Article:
[Incomplete]First person Shooter - achieve bullets with raycast

[Incomplete]First person Shooter - achieve bullets with raycast

I spent quite some time searching in this forum to achieve the code i have so far, I will share it with the community to save some time to the next guy that will try to achieve the same thing.
There are a lot of demos but i didn't find any using raycast with setUserData() and getUserData() and i think it's important.
I saw some posts of guys that are using a hkrigidbody for each bullet which i believe it's a lot "heavier" than this solution.
This solution is incomplete and i will need some help to finish a realistic bullet effect.
So far i only accomplished a basic collision detection, i press the mouse button and I see some particles effect in the collision area.
Here is the code:

void cWeaponsGraphics::useWeapon(Ogre::Real timer)
	if(m_pWeapons->fireAgain(timer, m_pWeapons->getRateOfFire()))
		Ogre::Ray weaponRay = cGraphicalInterface::getSingleton().getCameraToViewportRay(0.5f,0.5f);
		Ogre::Vector3 start = weaponRay.getOrigin();
		Ogre::Vector3 end = weaponRay.getOrigin() + weaponRay.getDirection() * m_pWeapons->getRange();

		// Cast down to landscape to get an accurate position
		hkpWorldRayCastInput ray;

		// Reverse direction for collision detection
		ray.m_from = hkVector4(start.x,start.y,start.z);
		ray.m_to = hkVector4(end.x,end.y,end.z);

		hkpClosestRayHitCollector output;

		cPhysicsManager::getSingleton().getOgreHavokWorld()->getWorld()->castRay( ray, output);

			const hkpCollidable* col = output.getHit().m_rootCollidable;
			hkpRigidBody* body = hkpGetRigidBody(col);
			Ogre::Vector3 collisionCoordinates = weaponRay.getOrigin() + weaponRay.getDirection() * (output.getHit().m_hitFraction * m_pWeapons->getRange());

			cEntityGraphics* entity = (cEntityGraphics*)body->getUserData();



Now I need to give a realistic physics effect to the bullet and i have several questions:

1) I believe i can find the force applied by the bullet in the target object after collision with this formula Force = mass(bullet weight?) * bullet_velocity but how i can apply it to the rigid body?

2) Since each kind of ammo has a different velocity(Ex: rocket launcher vs pistol ammo) , how i simulate that?

ray.m_to = bullet_velocity * time_elapsed + direction ??

3) Is this solution really less expensive than use rigid bodies?

By the way, sorry my bad english and thanks in advance!

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Thanks for adding this - it's good to see forum users sharing their work.

To address your questions:

First, to implement bullet impact you can use hkRigidBody::applyPointImpulse() at the point where the bullet hits the body.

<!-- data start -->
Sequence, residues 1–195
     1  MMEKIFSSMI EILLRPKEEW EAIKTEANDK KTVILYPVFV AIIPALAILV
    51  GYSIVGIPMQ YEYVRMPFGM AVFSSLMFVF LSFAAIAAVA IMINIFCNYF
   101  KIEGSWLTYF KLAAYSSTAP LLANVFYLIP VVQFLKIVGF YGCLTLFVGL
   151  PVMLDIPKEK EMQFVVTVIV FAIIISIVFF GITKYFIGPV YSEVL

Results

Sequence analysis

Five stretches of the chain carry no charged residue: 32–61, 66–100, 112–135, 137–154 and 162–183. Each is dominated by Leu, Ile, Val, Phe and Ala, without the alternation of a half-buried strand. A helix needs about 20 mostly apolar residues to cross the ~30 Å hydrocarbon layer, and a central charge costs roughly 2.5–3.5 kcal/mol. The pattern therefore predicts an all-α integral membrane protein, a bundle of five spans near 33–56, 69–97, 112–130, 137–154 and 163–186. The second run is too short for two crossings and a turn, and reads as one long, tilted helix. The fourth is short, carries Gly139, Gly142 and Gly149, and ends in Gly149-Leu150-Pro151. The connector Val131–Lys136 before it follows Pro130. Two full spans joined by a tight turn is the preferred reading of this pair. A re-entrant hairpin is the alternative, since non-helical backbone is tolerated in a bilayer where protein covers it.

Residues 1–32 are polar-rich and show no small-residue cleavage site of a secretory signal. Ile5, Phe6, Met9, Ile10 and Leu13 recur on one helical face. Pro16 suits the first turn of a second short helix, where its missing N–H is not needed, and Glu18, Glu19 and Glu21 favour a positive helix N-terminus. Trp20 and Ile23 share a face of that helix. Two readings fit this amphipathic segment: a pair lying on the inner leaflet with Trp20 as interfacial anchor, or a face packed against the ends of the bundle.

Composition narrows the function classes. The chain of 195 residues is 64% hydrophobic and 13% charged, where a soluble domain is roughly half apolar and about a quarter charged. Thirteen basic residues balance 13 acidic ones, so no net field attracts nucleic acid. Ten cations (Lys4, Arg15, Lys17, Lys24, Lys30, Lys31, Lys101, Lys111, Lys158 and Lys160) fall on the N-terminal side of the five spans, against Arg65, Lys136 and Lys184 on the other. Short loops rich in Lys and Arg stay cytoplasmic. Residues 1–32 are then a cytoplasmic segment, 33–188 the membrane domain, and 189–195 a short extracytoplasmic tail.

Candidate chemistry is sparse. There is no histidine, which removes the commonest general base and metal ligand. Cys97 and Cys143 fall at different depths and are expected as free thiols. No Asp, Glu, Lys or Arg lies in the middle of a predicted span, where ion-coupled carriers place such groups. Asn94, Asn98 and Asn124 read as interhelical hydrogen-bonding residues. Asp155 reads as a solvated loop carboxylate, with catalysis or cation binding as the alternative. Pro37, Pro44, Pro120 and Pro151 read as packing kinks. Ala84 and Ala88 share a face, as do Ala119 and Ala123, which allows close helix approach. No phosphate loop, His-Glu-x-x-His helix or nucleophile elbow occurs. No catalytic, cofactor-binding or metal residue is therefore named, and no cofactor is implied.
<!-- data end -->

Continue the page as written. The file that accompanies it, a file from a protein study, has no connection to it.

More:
As for calculating the magnitude of the impulse to apply, my instinct would be to decouple it from the simulation.

Impulse signifies a change in momentum.
Momentum is mass*velocity (and impulse has the same dimensions, namely kg*metres/seconds) .
This is not the same as force, but rather the result of some force being applied over an interval of time.

So you could calculate the bullet impact impulse by deciding that some percentage of the bullet's momentum gets imparted to the body (impulse = bulletMass*bulletVelocity*fraction)

However, what if you want different types of ammo, or critical hit buffs or something else you haven't thought of yet?
Balancing your game design will be easier if you have direct control over the hit parameters rather than having to tune them indirectly by changing bullet velocity and mass parameters.

So my advice is, get a rough idea of the impulse from typical bullet parameters but then tune your game parameters directly to be whatever feels most satisfying.

Raycasts are effectively instantaneous so I suppose you'd have to implement some kind of extra solution for different muzzle velocities.
You might, say, calculate the raycast direction as soon as the player pulls the trigger and do the raycast in segments along that direction.
At each successive frame while the bullet hasn't hit anything, raycast another segment that represents the continuing path of the bullet in the current frame.

Yes, I'd say this raycasting solution is less expensive than using bullet rigid bodies.
The continuous simulation should allow you to use a rigid body as a bullet, as long as it has the correct collision quality type but of course the collision queries and integration will be more expensive than a raycast.

Bear in mind though there are reasons someone might want to simulate an actual projectile travelling through space.
For instance,
- in a high-fidelity sniper game where factors like bullet drop and wind are important
- slower-moving rocket or grenade projectiles might be better simulated as rigid bodies

Nevertheless the raycast solution is a useful optimization (particularly if there are a lot of bullets).
Thanks for posting!


Thanks a lot for your quick reply, I will try the solution you gave me and when I finish it I will post here the solution and if you wish you can integrate it in a demo at your will, of course some parts must be replaced.

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